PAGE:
My three kids go gaga over fruit snacks—and they’re not the only ones. You can find them at the movies (in the kids snack pack), in birthday party goodie bags and in school snack or lunch bags. But are these chewy goodies good for our kiddos or just too good to be true?
Fruit snacks run around 80-90 calories per small pouch—which is a reasonable amount of calories for a kids’ snack. They’re free of fat, cholesterol and are very low in sodium. Many also provide vitamins A and C.
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Don’t let packing back-to-school lunches stress you out; we’ve got 10 fun and fresh ideas the kiddies will gobble up.
Start by ensuring your little ones’ lunches are safe from food germs. Here are our food safety tips for packing kids’ lunches.
1.) Yogurt Parfait
Pack up yogurt, with small containers of fresh fruit and granola for crunch, and let kids layer them at lunchtime. Or try making the parfait ahead of time in a screw-top jar for a fun and healthy on-the-go lunch.
Regular or Greek? Find out which yogurt wins our Food Fight
Give grilled cheese a makeover! Combine whole-grain tortillas, veggies and cheese. Melt in the microwave, slice, and voila – excellent finger food hot or cold.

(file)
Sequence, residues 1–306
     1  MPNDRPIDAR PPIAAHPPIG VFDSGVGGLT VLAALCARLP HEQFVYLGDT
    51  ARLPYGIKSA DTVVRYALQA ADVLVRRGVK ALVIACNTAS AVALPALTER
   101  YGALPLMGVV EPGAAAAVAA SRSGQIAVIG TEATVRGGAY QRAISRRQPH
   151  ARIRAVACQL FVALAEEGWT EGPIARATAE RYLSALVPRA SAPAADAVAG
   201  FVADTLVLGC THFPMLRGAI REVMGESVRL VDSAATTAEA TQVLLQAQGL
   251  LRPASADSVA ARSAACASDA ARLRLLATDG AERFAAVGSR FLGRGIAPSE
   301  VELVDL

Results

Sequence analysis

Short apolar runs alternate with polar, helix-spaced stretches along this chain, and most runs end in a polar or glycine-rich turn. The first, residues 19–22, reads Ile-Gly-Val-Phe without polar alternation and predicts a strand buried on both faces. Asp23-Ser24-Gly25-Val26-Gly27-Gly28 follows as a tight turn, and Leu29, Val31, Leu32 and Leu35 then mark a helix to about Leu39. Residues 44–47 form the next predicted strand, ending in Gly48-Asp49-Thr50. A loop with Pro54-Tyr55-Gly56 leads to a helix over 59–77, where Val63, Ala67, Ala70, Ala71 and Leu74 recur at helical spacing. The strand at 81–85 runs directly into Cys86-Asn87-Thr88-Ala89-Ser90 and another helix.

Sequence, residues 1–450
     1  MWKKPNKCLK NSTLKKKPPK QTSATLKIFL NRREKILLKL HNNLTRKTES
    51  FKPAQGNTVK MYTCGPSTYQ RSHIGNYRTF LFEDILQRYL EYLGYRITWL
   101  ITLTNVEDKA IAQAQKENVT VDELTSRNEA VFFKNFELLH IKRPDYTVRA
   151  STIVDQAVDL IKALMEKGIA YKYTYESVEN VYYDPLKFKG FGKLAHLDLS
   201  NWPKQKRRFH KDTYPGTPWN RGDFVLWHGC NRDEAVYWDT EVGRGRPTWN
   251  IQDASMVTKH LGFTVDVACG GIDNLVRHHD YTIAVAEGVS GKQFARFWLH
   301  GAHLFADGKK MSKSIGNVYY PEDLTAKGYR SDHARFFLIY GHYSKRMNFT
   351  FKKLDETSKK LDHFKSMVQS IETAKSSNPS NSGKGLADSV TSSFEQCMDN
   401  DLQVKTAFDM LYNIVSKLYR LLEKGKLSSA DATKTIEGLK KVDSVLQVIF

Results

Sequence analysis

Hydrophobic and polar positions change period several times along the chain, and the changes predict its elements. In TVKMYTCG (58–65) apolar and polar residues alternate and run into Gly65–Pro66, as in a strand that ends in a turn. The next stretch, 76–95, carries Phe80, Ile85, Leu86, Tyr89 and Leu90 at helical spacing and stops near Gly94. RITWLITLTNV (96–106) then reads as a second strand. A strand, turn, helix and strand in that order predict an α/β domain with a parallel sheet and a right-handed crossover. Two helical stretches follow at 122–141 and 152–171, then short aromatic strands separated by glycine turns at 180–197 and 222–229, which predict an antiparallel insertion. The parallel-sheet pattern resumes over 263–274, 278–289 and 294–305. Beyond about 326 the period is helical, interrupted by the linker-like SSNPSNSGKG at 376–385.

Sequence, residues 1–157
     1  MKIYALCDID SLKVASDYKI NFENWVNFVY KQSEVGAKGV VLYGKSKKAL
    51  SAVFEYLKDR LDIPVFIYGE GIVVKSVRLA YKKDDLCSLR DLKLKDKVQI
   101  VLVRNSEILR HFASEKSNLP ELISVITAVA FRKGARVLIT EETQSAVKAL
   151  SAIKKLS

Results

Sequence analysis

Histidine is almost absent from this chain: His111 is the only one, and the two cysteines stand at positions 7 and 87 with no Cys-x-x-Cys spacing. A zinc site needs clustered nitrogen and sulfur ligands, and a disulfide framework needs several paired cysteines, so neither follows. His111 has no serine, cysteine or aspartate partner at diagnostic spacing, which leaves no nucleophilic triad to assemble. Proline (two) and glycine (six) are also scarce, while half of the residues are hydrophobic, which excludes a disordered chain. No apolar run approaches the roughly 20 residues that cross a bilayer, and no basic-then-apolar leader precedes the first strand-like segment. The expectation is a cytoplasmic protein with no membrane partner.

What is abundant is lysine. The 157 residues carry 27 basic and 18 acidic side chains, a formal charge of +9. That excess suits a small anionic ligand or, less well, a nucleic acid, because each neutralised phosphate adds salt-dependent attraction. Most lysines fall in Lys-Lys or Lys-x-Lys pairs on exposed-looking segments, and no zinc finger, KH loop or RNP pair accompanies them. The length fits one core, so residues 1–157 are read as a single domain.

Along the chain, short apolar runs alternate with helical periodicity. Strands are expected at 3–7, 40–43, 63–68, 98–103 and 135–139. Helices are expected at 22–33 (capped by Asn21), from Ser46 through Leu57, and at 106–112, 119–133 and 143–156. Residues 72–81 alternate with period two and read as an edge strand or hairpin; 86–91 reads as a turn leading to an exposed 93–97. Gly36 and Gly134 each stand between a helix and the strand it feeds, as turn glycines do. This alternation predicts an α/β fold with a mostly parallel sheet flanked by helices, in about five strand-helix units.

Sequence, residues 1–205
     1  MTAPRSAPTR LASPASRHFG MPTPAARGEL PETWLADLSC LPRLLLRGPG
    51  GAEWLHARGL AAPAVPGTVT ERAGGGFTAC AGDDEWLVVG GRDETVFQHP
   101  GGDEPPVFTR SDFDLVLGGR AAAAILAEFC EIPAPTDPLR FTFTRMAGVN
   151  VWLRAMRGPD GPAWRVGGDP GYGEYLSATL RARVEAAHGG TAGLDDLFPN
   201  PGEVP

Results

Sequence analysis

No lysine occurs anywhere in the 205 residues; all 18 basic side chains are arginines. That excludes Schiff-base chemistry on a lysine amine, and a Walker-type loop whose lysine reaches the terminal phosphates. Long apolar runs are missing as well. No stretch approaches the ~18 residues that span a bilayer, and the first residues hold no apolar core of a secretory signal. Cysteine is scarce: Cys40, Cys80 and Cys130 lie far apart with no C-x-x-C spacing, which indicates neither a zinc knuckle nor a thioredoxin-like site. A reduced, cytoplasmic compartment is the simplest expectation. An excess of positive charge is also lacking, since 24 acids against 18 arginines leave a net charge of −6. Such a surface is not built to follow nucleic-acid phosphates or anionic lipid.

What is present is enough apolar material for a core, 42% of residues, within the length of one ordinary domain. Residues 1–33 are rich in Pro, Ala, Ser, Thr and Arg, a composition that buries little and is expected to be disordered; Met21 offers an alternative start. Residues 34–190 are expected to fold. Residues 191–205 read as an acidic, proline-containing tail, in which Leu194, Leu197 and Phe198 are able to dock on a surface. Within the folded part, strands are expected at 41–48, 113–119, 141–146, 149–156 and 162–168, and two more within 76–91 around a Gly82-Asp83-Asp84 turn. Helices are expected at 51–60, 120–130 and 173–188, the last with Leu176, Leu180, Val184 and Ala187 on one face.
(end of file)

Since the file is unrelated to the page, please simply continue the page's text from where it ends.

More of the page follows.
Get more quesadilla recipe ideas
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With all the so-called “healthy” messages on juice boxes, it’s tough to decipher which is really the best choice for your little ones. We’ve tasted and anylized popular juices so you’ll be better informed on your next trip to the market.
Even if you’re giving your kids 100% juice, the American Academy of Pediatrics (AAP) recommends the following:
- 1 to 6 years: Limit juice to 4 to 6 fluid ounces per day
- 7 to 18 years: Limit juice to 8 to 12 ounces per day
Remember, fruit juice shouldn’t be used as a substitute for whole fruit. There are no nutritional benefits of drinking juice over whole fruit. It’s important to stick to the AAP guidelines as too much juice in your kiddos’ diet can lead to obesity, poor nutrition and tooth decay.
When shopping for juice, not all boxes are created equal and not all markets are stocked with the same brands. You want to look for those that are made from 100% juice as opposed to mostly sugar + water. Size also matters—for kids 6 and under, opt for the smallest (4.23 fluid-ounce) box whenever possible.
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Lisa’s Vegetable Quesadillas on Whole-Wheat Tortillas
Lisa Leake is the woman behind the popular blog, 100 Days of Real Food. As a mother of two, she and her husband pledged to go 100 days without highly-processed or refined food in 2010. Since then, she has challenged others to follow her family’s healthy lead by taking a 10-day pledge or committing to “100 days of mini-pledges.” Her blog offers tips on meal planning, packing school lunches, shopping for real food and more.
Tell us a bit about the inspiration behind your commitment to real food. Why did you start and how did you decide on the 100 day pledge?